September 23, 2004

Benefits of Mediterranean Diet

A new study from Europe in this morning's Journal of the American Medical Association shows just how powerful the effect of following healthy lifestyle advice can be over the years, reports The Early Show's Dr. Emily Senay.

Researchers looked at people aged 70 to 90 for more than a decade, and found those who adhered to a healthy low-fat Mediterranean-style diet lowered their risk of death by 23 percent. People who drank alcohol moderately lowered their risk by 22 percent. Physical activity lowered the risk by 37 percent. Nonsmoking lowered the death risk by 22 percent. And people who had all four of these healthy lifestyle factors lowered their risk of death from any cause by 65 percent.

It's powerful proof that a healthy lifestyle can work wonders.

The Mediterranean diet comes from countries like Italy and Greece. It's high in foods that provide health benefits like whole grains, fruits, vegetables, legumes, nuts, fish and olive oil.

It also includes low amounts of meat, dairy and saturated fats, and moderate alcohol consumption. Another new study showed that the Mediterranean diet reduced metabolic syndrome, a cluster of symptoms that puts people at a much higher risk for heart disease and Type 2 diabetes later in life like obesity, fat buildup in the arteries, high blood pressure, and glucose or blood sugar intolerance.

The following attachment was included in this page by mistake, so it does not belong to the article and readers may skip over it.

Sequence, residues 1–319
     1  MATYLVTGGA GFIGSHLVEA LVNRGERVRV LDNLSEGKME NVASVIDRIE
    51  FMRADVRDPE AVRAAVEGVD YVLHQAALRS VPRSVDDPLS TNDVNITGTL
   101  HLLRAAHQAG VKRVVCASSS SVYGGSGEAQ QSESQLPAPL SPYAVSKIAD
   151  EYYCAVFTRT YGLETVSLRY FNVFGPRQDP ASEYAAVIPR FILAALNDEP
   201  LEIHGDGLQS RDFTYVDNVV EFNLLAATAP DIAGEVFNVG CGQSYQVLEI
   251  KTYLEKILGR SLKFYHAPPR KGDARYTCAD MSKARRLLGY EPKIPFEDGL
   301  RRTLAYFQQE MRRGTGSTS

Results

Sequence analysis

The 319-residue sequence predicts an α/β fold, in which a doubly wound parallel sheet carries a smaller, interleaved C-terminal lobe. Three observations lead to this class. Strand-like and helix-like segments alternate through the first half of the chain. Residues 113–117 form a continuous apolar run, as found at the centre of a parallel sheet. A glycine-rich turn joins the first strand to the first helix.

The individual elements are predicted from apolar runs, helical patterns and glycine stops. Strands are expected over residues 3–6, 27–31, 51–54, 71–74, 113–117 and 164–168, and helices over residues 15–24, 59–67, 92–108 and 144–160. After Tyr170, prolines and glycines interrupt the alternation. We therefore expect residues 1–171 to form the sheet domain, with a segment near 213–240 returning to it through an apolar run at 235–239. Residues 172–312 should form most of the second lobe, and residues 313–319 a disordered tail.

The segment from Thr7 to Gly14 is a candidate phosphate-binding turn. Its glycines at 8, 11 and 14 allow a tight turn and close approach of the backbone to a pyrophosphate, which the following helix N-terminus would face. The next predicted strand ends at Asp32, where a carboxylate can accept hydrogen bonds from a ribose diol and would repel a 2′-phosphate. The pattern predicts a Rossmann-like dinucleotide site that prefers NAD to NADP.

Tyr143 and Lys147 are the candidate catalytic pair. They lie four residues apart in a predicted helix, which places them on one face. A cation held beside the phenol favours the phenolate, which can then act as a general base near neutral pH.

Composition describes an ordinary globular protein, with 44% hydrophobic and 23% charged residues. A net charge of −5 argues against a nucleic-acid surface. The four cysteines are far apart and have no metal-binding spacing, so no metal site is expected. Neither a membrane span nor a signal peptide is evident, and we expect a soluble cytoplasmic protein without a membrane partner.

People on the Mediterranean diet had significant decreases in metabolic syndrome symptoms and risk factors and improvements in good cholesterol compared to those who weren't on the diet. There was also evidence that the healthier eaters suffered less from the inflammation of cells that may contribute to the risk of disease.

Two additional studies in the journal reinforce the importance of exercise in the health equation, even low-intensity exercise like walking. Physical activity was associated with better mental functioning in older women. Women aged 70 and older who participated in higher levels of physical activity scored better on cognitive performance tests and showed less cognitive decline than women who were less active.

A different study showed that even walking is associated with reduced risk of Alzheimer's in older men. Older men who walked the least had nearly twice the risk for diseases like Alzheimer's, compared to men who walked the most. This is the first time that a low-intensity exercise has been proven to keep the mind sharp.

Link (CBS)

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